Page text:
Word of the partnership came out earlier this week via Ars Technica. According to leaked documents, well-known Machinima YouTube video creators were paid a bonus by Microsoft for highlighting the Xbox One in their video content. However, the terms of the agreement stipulated that Youtubers not disclose they were being paid to promote the console. In other words, they were getting paid to pimp the system but were told not to tell anybody -- nor say anything untoward about the Xbox One.
“You may not say anything negative or disparaging about Machinima, Xbox One or any of its Games,” reads one document.
The problem? This sort of arrangement may well fly in the face of FTC guidelines regarding how promotions and endorsements are conducted.
Microsoft and Machinima shrugged off the controversy.
"This partnership between Machinima and Microsoft was a typical marketing partnership to promote Xbox One in December," the companies initially said in a joint statement. "The Xbox team does not review any specific content or provide feedback on content. Any confidentiality provisions, terms or other guidelines are standard documents provided by Machinima. For clarity, confidentiality relates to the agreements themselves, not the existence of the promotion."
Microsoft has since tried to back away from the kerfuffle, tossing Machinima under the bus in another statement.
"Microsoft was not aware of individual contracts Machinima had with their content providers as part of this promotion and we didn’t provide feedback on any of the videos," they said. "We have asked Machinima to not post any additional Xbox One content as part of this media buy and we have asked them to add disclaimers to the videos that were part of this program indicating they were part of paid advertising.”
The companies say the terms did forbid YouTube personalities from mentioning the specifics of the promotion, but they were free to mention the connection to both companies. Based on that, they say, the promotion did not violate the FTC's guideline that requires the person endorsing a product to disclose any connection to the seller.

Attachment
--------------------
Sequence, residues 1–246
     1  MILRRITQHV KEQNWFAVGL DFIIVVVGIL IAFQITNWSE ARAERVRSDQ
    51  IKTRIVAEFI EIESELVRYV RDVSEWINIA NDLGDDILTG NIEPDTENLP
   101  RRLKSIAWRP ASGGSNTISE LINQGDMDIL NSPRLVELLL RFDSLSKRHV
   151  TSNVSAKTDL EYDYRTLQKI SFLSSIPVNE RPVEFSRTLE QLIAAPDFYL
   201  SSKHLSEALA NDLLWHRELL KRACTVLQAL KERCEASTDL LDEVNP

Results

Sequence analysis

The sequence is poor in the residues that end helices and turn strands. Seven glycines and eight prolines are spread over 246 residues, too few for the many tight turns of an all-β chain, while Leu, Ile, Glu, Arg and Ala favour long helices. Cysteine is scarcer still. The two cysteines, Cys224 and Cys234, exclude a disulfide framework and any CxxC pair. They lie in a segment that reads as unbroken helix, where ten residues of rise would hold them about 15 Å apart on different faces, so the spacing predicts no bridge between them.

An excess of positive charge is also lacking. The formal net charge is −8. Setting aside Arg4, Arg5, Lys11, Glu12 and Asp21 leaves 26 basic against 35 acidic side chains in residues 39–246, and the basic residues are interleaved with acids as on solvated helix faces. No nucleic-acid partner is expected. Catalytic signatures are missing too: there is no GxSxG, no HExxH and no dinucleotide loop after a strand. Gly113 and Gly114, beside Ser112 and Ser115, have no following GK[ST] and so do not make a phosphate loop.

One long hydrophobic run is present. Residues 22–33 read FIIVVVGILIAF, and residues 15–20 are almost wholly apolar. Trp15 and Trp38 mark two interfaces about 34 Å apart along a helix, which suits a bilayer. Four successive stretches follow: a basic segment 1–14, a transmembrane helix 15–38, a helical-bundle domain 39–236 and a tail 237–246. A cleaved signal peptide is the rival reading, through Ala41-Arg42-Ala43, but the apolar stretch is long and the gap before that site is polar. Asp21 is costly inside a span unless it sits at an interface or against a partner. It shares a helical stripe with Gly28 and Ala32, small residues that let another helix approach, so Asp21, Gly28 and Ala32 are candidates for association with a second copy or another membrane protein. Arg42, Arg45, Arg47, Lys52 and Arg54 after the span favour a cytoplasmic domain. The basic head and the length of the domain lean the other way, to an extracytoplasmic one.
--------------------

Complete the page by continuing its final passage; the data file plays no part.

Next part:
However, Eric Schiffer, chairman of ReputationManagementConsultants.com, isn't convinced the companies are out of the woods with the FTC. And either way, he says, the companies have hurt their standing with customers.
"That is not a typical nor accepted practice today in the arena of online or digital marketing," he says. "I think they are in a state of denial. ... I think the most important thing is they need to accept responsibility and come clean and nip it in the bud by finding whatever division lead made the decision and cut ties with that person immediately. I'm sure the senior leadership of Microsoft would not have approved such a practice."
Gamers have short memories for controversy when big titles hit, though. And with the release of the massive Xbox One game Titanfall looming, even Schiffer agrees that any anger from this issue isn't like to impact sales of the title or the console.
However, he adds, it could have a ripple effect and raise questions about how the company has marketed other products.
"The most important thing any brand can do is maintain its trust with consumers," he says. "[Microsoft and Machinima] need to look in a mirror and gather the facts, then be transparent with the public. I don't think they've done that."